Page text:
Hong Kong governmental branches swayed by new orders established by the national security law: the National Security Law explained, Part III

Beijing’s national security law is game-changing for the Hong Kong executive body, judicial body, and the Police Force as specialised departments and new rules emerge.

Photo courtesy of Wpcpey from Wikimedia Commons / CC BY 3.0.

Parts I and II of this series are available now.

Passed by Beijing on Tuesday, the national security law instructs the Hong Kong government to launch divisions for policy-making, investigation and law enforcement, and prosecution concerning national security. The rules come after their formations may overrule the autonomous status and long-established systems of Hong Kong.

Executive Branch 

The Chief Executive establishes and chairs the Committee for Safeguarding National Security, a new organ primarily responsible for safeguarding national security and related affairs in Hong Kong. It is supervised by and held accountable to Beijing. 

Article 14 lists the privileges of the Committee, states that its decisions are not subject to judicial review, and defines information relating to its work is exempted from disclosure. “No institution, organisation or individual in the Region shall interfere with the work of the Committee,” the Article adds. 

Beijing will also designate a National Security Adviser who gives ‘advice’ on the Committee’s functions and sits in on meetings. A Secretary-General nominated by the Chief Executive and appointed by Beijing will head a secretariat under the Committee, according to Article 13. 

The Committee’s duties include making work plans, formulating policies, and strengthening the legal system and enforcement mechanisms in the name of safeguarding national security. 

High-ranking officials such as the Chief Secretary for Administration, the Secretary for Justice, and the Commissioner of Police are the other members of the Committee. 

Photo courtesy of Harbour Times.

Law enforcement body

Article 16 introduces the department for safeguarding national security under the Police Force. The Chief Executive has to write to seek the opinion of the Office for Safeguarding National Security before appointing the department head, who would swear to “observe the obligation of secrecy.”

The department and the Police Force are granted a range of broad powers by Article 43. They include search powers, restricting travels, freezing and confiscating property, ordering service providers to delete information or give assistance, requiring overseas political organisations to provide information, and carrying out secret surveillance on a suspect. They can, “on reasonable grounds”, require a suspect to answer questions and give information, which may contradict the right to silence the Common Law guarantees. 

Some of its tasks consist of collecting and analysing intelligence regarding national security and conducting investigation and “counter-interference” investigation on related offenses. It also “performs other duties and functions necessary for the enforcement of this Law.”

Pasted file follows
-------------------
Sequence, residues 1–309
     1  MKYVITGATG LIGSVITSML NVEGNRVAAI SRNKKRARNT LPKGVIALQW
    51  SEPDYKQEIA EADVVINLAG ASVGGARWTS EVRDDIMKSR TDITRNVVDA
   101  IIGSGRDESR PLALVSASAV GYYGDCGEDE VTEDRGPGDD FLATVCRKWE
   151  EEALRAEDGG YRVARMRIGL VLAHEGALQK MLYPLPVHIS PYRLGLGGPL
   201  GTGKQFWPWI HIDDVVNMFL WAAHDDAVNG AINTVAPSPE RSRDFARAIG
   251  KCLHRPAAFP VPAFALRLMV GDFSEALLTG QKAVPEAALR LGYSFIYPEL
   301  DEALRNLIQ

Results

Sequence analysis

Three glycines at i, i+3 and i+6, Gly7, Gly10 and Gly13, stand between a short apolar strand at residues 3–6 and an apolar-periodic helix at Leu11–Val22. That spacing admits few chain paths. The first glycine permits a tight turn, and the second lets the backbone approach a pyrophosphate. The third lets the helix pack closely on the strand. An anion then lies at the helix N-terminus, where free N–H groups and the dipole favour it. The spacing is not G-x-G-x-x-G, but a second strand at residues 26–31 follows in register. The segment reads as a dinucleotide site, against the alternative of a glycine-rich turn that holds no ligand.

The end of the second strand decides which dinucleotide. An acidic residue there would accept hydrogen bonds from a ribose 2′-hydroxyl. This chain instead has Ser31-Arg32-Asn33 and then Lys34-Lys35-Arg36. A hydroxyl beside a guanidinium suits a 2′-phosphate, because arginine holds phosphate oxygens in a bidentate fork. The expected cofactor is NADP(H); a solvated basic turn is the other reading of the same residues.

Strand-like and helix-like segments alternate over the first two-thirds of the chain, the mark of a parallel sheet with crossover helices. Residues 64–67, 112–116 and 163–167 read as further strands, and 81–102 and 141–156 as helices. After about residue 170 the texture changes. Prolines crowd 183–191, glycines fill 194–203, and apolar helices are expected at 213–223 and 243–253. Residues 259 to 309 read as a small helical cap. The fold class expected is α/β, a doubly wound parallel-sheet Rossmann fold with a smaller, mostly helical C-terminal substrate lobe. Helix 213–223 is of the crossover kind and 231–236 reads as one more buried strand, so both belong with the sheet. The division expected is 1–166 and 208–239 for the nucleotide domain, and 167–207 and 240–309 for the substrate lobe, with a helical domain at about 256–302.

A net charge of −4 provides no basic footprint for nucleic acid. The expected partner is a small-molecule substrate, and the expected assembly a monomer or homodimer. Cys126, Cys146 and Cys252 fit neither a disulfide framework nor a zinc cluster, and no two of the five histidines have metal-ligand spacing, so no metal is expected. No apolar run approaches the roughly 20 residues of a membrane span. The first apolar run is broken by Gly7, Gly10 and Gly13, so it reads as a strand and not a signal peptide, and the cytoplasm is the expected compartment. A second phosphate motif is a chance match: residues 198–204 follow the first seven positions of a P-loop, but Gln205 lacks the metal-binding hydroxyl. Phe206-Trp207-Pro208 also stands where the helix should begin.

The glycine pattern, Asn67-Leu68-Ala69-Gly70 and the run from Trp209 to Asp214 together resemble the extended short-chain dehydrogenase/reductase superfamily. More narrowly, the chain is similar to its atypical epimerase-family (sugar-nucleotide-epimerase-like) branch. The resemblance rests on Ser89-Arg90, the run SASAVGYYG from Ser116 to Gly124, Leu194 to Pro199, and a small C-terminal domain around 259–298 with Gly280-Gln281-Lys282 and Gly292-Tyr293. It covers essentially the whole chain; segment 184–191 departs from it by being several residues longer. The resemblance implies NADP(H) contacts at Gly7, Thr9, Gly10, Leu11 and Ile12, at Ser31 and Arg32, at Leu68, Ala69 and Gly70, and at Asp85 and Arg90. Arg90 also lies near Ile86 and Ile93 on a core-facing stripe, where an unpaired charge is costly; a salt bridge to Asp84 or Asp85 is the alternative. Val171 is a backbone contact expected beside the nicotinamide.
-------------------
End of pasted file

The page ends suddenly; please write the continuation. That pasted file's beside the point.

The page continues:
The department is authorised to “recruit qualified professionals and technical personnel from outside the Hong Kong Region” for assistance. 

Photo courtesy of Wikimedia Commons.

Two systems? Only one matters

The security law overrides the local law as Article 62 states that “the national security law shall prevail where provisions of the local laws of Hong Kong are inconsistent with this Law.” The Standing Committee of the National People’s Congress owns the power of interpretation of the law, according to Article 65.   

A specialised prosecution division is created by the Department of Justice to perform prosecution. Prosecutors are appointed by the Department of Justice with the consent of the Committee for Safeguarding National Security. Again, the Chief Executive is subordinate to the Office and must write to the Office for Safeguarding National Security before appointing the head. 

According to Article 44, the Chief Executive would pick judges and magistrates from all levels of courts to handle national security cases for a one-year term. Judges who have made “any statement or behaved in any manner endangering national security” would be disqualified. 

Article 42 also says no bail would be granted to a suspect unless the judge is convinced that the person will stop committing acts endangering national security, which is inconsistent with the right of being admitted to bail stated in the Criminal Procedure Ordinance and the common law presumption of innocence. 

The Secretary for Justice can issue a certificate to assemble a panel of three judges for a trial instead of a jury if the case concerns State secrets or diplomatic matters, Article 46 says. The determination of whether a case belongs to this category lies in the hands of the Chief Executive. 

Trials that “involve State secrets or public order” will be closed to the public and the media, but judgments would still be announced in an open court. 

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the author

Sara is a journalism student at Hong Kong Baptist University. Her one-year exchange journey at Emerson College in the United States and high school experience at UWC Robert Bosch College in Germany have cultivated her interests in politics and social injustices.